America's most expensive home, in Bel Air, goes into receivership

America’s most expensive home – a 105,000 sq ft Bel Air estate known as ‘The One’ – is set to have its $500 million asking price slashed after developer defaults on $165M debt

  • ‘The One’ Bel Air estate, once priced at $500 million, fell into receivership as investors wish to recoup costs after developer defaulted on $165 million debt
  • Nile Niami promised to finish building the grand estate after nine years and flip it for a profit, only to find zero buyers since it went on sale in January
  • The estate, which is partially-finished, features nine bedrooms, a bowling alley, a night club, multiple pools and a private 50-seat indoor theater
  • The Los Angeles County Superior Court place the home in the hands of Lanes Management, which is set to put up the home for sale for much less

A Los Angeles mansion that was poised to be the most expensive home sold in America, with a $500 million price tag, has gone into receivership and will be sold for a lower price after its owner defaulted on more than $165 million in debt, according to court filings. 

The 105,000-square-foot Bel Air estate, knowns as ‘The One, was placed into receivership by the Los Angeles County Superior Court as the mansion’s owner, Nile Niami, held millions in debt and loans.  

Niami, a property developer, bought ‘The One’ in 2012 and has spent the last nine years promising to build the grandest home in the U.S. and flip it for a profit, but he could not finish the construction nor find a buyer since it went on sale in January.

The One is largely-finished, although it is unclear how much it will end up selling for.  

‘The One’ mansion in Bel Air, California, would have been the most expensive mansion sold in America, but it will now be sold for much less after its developer fell into $165 million of debt 

The mansion was set to have 20 bedrooms and spaces for charity galas

Niami borrowed $82.5 million to pay for the construction cost. The debt has doubled

Nile Niami could not find a buyer for the house he’s worked on for nine years  

The court named Ted Lanes, of Lanes Management, as the receiver to prepare the 8-acre property for sale once all the permits are granted. Lanes said he has yet to determine when he will put the home on the market or for how much.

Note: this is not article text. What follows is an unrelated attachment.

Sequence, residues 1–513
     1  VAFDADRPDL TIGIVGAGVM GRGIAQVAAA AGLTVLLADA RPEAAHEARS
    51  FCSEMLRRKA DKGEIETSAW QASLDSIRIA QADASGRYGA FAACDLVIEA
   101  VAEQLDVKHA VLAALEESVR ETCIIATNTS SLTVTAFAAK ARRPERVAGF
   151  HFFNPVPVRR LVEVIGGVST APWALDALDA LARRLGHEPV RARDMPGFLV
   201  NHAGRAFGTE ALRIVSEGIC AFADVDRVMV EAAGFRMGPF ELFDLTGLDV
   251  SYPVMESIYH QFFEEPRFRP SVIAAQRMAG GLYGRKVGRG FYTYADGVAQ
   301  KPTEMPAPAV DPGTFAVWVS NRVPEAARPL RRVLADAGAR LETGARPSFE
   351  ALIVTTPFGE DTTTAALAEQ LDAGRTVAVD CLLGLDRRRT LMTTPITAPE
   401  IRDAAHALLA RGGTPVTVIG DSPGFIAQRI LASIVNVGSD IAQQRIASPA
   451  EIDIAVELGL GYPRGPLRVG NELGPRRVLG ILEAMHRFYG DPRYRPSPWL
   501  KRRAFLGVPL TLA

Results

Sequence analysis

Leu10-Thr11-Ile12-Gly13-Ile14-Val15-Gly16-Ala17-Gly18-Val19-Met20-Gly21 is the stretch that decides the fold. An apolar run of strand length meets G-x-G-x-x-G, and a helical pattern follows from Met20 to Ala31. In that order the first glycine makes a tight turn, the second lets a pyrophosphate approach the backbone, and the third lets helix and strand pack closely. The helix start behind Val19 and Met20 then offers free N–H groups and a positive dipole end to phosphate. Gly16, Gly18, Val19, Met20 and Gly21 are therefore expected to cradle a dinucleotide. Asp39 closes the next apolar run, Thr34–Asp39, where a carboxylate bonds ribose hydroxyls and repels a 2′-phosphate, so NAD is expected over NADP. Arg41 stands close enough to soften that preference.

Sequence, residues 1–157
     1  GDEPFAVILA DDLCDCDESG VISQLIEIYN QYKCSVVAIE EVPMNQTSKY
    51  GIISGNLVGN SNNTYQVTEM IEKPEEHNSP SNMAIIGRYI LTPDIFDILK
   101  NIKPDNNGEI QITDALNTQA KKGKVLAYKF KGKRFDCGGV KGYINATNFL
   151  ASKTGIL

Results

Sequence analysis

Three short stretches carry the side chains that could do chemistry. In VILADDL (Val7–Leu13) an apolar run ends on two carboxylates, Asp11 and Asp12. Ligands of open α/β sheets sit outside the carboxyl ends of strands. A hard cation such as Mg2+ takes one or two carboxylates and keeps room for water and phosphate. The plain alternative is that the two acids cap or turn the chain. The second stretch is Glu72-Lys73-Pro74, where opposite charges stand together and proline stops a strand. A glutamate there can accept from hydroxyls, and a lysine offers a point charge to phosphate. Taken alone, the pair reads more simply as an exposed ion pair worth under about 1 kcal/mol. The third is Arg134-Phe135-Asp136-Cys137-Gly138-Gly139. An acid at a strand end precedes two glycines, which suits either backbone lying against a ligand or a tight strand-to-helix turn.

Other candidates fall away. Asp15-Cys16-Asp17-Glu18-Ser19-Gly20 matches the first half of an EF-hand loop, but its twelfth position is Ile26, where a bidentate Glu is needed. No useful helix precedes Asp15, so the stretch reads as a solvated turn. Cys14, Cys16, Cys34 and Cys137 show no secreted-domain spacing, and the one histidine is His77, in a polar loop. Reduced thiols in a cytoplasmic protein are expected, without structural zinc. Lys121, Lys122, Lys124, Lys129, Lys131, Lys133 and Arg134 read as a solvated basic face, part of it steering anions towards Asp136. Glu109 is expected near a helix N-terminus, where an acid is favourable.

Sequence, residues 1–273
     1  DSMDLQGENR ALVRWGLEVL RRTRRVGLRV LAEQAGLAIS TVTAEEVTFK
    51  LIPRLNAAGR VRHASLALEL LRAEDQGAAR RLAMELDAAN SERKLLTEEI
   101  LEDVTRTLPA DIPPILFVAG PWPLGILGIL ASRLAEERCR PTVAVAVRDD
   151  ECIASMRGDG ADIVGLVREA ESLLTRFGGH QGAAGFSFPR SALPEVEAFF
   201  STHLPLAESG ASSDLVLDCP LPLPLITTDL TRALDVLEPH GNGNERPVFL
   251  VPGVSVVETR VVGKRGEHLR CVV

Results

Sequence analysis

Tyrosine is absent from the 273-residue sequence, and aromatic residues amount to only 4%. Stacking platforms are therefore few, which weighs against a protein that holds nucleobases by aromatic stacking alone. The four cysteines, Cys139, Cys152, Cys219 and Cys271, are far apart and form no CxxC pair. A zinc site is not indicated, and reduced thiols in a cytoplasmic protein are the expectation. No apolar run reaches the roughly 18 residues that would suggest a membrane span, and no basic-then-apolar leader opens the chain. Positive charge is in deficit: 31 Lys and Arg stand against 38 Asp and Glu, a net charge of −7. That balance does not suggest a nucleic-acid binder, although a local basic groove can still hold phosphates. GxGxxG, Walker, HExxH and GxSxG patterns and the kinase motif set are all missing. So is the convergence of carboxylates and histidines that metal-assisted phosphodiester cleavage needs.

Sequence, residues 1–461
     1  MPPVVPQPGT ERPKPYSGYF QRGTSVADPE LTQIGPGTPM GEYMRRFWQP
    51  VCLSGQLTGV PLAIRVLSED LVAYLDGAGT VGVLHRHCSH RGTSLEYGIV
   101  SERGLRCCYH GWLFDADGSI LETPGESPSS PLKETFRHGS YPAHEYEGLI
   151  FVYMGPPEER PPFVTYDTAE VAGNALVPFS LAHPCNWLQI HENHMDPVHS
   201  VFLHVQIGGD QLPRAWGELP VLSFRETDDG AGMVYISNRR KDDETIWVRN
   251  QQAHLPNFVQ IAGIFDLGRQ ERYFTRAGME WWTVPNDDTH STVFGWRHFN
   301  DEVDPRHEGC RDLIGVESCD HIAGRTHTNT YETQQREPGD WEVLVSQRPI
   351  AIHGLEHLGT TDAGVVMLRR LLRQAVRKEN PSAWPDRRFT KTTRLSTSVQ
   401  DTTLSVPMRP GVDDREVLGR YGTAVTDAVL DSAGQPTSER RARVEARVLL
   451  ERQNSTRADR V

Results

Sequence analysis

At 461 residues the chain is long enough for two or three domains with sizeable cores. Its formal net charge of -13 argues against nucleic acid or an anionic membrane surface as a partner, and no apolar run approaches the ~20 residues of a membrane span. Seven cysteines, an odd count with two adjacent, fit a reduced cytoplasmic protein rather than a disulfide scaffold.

‘What I would love to see happen is that the house gets completed, the certificate of occupancy is awarded and we have an orderly sale that maximizes the value,’ Lanes told NBC. ‘Hopefully, there will be sufficient proceeds from the sale to fund the secured and unsecured creditors and for the equity to realize some value.’  

The project for the nine-bedroom estate was originally slated to be finished in 2017, but the construction has been set back by a series of financing and building problems, including scrapped plans for a jellyfish tank.

The estate includes a bowling alley, private theater, a night club, multiple pools, a jacuzzi, a salon, a gym and an underground garage with two auto turntables. 

The mansion was planned to have at least 20 bedrooms. 

Niami even had plans to turn the home into a film studio and commercial venture, using it to host new Netflix shows, events and start-up companies. 

The home was originally to include a room with jellyfish in glass tanks on the walls 

Among The One’s extravagant features is a bowling alley

A 50-seat theater is also included in the mansion’s expensive layout

In 2018, Niami borrowed $82.5million from Hankey Investment Co. to finance the extravagant project and the repayment deadline for it was in October 2020.

Hankey chairman Don Hankey advocated for the home to enter receivership to pay back the loans. He had also claimed that Niami had grown too distracted to sell the home during the pandemic. 

Between April and August of last year, Niami was cited five times by the City of Los Angeles for having illegal COVID parties at various houses.

The complaints accounted for a third of all of the complaints in the city over that period.

Neighbors told DailyMail.com it was like living ‘in a nightclub’ and that maskless ‘punks’ were ferried to the homes on buses.

Niami, at the time, denied holding the parties and said he was cooperating with the city.

The Wall Street Journal previously reported that Niami had five unsold mega mansion in his portfolio.  

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